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Heart Problems Due to low blood volume not mitochondrial problems?

Discussion in 'Latest ME/CFS Research' started by Cort, Jul 3, 2009.

  1. Cort

    Cort Phoenix Rising Founder

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    A recent fascinating study suggested that the diastolic dysfunction that Dr. Cheney is finding and the low stroke volume output that others have found may not be due to some sort of energetic problem but simply to the fact that CFS patients don't have normal amounts of blood in their systems. once the investigators statistically accounted for the low blood volume in the CFS patients the other cardiac issues disappeared.

    http://www.ncbi.nlm.nih.gov/pubmed/19469714?ordinalpos=28&itool=EntrezSystem2.PEntrez.Pubmed.Pubmed_ResultsPanel.Pubmed_DefaultReportPanel.Pubmed_RVDocSum

    The befuddling thing here is that correcting blood volume in most CFS patients does not fix their symptoms! If this study is correct then the heart issues Dr. Cheney is focusing on may be secondary to other issues. Still the fact that low blood volume has now been shown to be present in CFS patients several studies does give researchers a clue. It is after all an unusual symptom - well it may not cause CFS it's possible that whatever is causing low blood volume - could cause or at least contribute to CFS.
  2. Jody

    Jody Senior Member

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    The blood volume issue is pretty intriguing.

    Can't remember where I first came across it, but once again, the ways to combat the effects for people with CFS are contrary to the common wisdom of health.

    Drinking lots of water helps. Okay, that is in line with the common wisdom.

    But more salt in the diet rather than less is a good way to lessen the symptoms at least (since we don't know the cause of the lower blood volume). And yet we are constantly told that we need to use less salt.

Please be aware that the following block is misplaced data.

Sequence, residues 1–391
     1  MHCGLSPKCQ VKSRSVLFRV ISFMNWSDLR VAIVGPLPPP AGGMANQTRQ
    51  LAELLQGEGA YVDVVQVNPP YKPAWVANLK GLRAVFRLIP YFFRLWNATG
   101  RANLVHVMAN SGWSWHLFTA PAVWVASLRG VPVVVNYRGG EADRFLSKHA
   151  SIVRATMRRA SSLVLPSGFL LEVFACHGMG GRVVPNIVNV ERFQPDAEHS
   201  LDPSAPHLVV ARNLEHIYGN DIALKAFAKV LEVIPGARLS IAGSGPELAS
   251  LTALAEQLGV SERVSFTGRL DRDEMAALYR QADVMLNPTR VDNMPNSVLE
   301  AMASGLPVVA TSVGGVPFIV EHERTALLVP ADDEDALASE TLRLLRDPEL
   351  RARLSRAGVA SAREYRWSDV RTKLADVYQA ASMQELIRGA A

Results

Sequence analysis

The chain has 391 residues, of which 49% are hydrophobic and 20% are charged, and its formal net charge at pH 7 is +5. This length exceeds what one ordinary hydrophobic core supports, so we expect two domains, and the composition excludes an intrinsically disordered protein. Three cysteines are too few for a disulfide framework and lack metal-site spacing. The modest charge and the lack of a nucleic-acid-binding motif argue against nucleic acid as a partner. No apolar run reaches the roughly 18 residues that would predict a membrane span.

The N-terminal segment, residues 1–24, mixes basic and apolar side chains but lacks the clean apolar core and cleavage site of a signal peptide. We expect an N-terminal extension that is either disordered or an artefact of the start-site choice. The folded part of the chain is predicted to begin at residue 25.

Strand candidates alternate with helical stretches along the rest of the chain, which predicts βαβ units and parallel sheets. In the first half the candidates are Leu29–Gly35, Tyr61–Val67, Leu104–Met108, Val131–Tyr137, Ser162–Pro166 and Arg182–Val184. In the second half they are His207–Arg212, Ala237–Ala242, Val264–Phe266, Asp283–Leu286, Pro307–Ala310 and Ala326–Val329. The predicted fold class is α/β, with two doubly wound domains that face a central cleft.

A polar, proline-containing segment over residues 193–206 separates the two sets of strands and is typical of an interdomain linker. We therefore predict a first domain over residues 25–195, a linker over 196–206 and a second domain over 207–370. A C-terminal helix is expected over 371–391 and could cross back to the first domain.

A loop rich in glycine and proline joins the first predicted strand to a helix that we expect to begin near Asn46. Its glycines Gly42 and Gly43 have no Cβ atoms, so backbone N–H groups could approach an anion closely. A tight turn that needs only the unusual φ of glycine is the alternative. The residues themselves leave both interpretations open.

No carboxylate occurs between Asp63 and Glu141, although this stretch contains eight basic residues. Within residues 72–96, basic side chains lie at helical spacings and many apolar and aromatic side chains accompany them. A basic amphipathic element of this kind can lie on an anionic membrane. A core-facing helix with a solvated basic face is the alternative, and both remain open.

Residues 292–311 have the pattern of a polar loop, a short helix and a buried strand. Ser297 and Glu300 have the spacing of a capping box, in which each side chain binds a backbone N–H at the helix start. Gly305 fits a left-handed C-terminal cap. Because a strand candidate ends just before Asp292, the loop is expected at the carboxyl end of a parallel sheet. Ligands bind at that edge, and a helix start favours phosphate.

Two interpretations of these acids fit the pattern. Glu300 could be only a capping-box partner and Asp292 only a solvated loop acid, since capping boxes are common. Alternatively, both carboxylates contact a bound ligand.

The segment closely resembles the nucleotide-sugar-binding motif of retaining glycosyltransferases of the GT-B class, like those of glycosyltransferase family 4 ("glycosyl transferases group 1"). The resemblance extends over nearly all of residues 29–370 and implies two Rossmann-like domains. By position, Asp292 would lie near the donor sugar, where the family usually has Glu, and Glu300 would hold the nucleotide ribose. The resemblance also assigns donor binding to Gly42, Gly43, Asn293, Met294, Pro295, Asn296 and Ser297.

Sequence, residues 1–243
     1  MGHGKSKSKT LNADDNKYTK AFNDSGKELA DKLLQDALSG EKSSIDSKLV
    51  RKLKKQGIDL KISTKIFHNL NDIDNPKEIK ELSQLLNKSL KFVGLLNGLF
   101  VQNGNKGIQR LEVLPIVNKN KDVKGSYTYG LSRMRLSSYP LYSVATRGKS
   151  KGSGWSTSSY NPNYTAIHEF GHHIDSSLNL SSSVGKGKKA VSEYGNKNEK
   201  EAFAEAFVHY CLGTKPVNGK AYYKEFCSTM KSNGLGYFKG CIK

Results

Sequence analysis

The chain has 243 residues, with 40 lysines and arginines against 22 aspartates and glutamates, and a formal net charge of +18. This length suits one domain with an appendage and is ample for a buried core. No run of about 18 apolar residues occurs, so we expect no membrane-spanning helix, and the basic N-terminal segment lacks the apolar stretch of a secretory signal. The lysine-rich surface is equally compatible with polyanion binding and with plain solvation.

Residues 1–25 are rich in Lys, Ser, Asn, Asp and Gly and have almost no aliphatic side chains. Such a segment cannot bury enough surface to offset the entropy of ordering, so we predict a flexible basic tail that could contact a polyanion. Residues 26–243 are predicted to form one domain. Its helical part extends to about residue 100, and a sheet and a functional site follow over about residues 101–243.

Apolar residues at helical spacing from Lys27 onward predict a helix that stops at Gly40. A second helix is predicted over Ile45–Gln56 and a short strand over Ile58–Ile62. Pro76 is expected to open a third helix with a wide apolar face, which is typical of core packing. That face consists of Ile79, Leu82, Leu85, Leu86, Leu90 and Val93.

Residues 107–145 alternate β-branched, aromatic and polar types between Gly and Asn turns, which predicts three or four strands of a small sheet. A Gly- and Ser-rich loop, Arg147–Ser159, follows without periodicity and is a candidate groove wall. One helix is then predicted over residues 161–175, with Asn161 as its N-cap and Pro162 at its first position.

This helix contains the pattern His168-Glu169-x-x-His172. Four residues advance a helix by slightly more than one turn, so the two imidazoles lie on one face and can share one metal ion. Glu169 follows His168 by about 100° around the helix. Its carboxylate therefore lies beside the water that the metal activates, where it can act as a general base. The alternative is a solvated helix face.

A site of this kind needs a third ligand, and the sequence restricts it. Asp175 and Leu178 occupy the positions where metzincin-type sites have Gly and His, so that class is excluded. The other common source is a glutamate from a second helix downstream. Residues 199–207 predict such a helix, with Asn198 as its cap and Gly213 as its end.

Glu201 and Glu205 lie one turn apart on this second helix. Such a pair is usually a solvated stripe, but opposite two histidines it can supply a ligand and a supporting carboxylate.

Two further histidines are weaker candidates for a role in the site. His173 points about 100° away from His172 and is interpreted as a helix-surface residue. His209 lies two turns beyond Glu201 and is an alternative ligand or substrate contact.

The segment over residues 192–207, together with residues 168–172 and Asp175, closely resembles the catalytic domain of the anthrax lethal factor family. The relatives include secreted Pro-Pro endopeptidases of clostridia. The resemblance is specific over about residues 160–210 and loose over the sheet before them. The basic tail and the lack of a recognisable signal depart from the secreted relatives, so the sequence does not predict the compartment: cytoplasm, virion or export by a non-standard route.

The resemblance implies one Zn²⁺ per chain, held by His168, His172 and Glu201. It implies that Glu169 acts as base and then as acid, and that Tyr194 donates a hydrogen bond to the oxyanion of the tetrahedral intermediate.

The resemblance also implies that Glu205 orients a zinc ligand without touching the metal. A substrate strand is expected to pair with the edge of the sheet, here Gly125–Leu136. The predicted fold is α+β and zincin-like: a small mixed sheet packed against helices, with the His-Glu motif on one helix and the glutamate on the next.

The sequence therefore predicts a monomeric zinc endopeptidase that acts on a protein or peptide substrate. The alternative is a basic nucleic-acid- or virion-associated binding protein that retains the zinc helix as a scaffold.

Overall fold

Another way in which people with CFS end up sabotaged by trying to follow health advice which just does not work for us.
  3. Jody

    Jody Senior Member

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    The blood volume thing relates to the blood perfusion thing, which may help explain some CFS symptoms.

    (Perfusion -- The injection of fluid into a blood vessel in order to reach an organ or tissues, usually to supply nutrients and oxygen.)

    I can't remember if this was something from Dr. Cheney? I think so, and if so, I read this maybe 3 - 4 years ago I think.

    Many of us have low blood volume. The body likes to keep all its essentials well-supplied with blood, and if it has lower blood volume, it will ... cut some corners.

    The author used an example of a garden hose, and how you can change the spray. He said, as I recall it, that our circulatory system has many of these types of valves which regulate blood perfusion.

    If blood volume is low, the body has its priorities, various organs, brain, etc. and a heirarchy of what can be shorted a bit and still be safe.

    Don't remember the exact order now, but the idea was, extremities might get a little less, and certain parts of the brain that are not going to make the difference between living and dying, if the blood circulating is a bit ... short.

    Well now. That told me something new. Maybe this had something to do with the "head stone" (pardon the old hippy jargon, but it is still the briefest and most accurate description of this symptom) as well as the numbness and tingling and vibrating -- the parasthesia -- that I would often get, especially in hands and lower arms.

    Also maybe helped explain why sometimes I could do some types of thinking, with no problem, and other times, I would fumble and falter, on the outside of a locked door with no way in.

    Blood volume, as a factor in many hypotheses, presents alot of food for thought.

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